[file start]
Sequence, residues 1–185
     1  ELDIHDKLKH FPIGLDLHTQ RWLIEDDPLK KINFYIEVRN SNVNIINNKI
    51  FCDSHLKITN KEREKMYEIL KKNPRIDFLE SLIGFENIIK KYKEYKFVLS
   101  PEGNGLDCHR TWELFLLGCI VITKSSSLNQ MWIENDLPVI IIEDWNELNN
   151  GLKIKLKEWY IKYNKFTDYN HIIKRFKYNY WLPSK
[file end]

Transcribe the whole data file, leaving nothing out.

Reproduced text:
Sequence, residues 1–185
     1  ELDIHDKLKH FPIGLDLHTQ RWLIEDDPLK KINFYIEVRN SNVNIINNKI
    51  FCDSHLKITN KEREKMYEIL KKNPRIDFLE SLIGFENIIK KYKEYKFVLS
   101  PEGNGLDCHR TWELFLLGCI VITKSSSLNQ MWIENDLPVI IIEDWNELNN
   151  GLKIKLKEWY IKYNKFTDYN HIIKRFKYNY WLPSK